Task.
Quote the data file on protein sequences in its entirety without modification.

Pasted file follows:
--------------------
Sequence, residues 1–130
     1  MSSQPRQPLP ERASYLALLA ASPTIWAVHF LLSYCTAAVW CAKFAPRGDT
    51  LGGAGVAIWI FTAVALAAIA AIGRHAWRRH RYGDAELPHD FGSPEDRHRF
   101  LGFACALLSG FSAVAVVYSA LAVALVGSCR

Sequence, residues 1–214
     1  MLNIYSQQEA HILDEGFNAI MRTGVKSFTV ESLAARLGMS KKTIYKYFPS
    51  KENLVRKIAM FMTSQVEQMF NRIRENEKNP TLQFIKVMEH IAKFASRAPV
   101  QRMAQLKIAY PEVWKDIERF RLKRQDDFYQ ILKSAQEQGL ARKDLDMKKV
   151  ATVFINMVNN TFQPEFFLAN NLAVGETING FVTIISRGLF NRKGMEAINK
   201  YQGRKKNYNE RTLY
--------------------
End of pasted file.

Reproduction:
Sequence, residues 1–130
     1  MSSQPRQPLP ERASYLALLA ASPTIWAVHF LLSYCTAAVW CAKFAPRGDT
    51  LGGAGVAIWI FTAVALAAIA AIGRHAWRRH RYGDAELPHD FGSPEDRHRF
   101  LGFACALLSG FSAVAVVYSA LAVALVGSCR

Sequence, residues 1–214
     1  MLNIYSQQEA HILDEGFNAI MRTGVKSFTV ESLAARLGMS KKTIYKYFPS
    51  KENLVRKIAM FMTSQVEQMF NRIRENEKNP TLQFIKVMEH IAKFASRAPV
   101  QRMAQLKIAY PEVWKDIERF RLKRQDDFYQ ILKSAQEQGL ARKDLDMKKV
   151  ATVFINMVNN TFQPEFFLAN NLAVGETING FVTIISRGLF NRKGMEAINK
   201  YQGRKKNYNE RTLY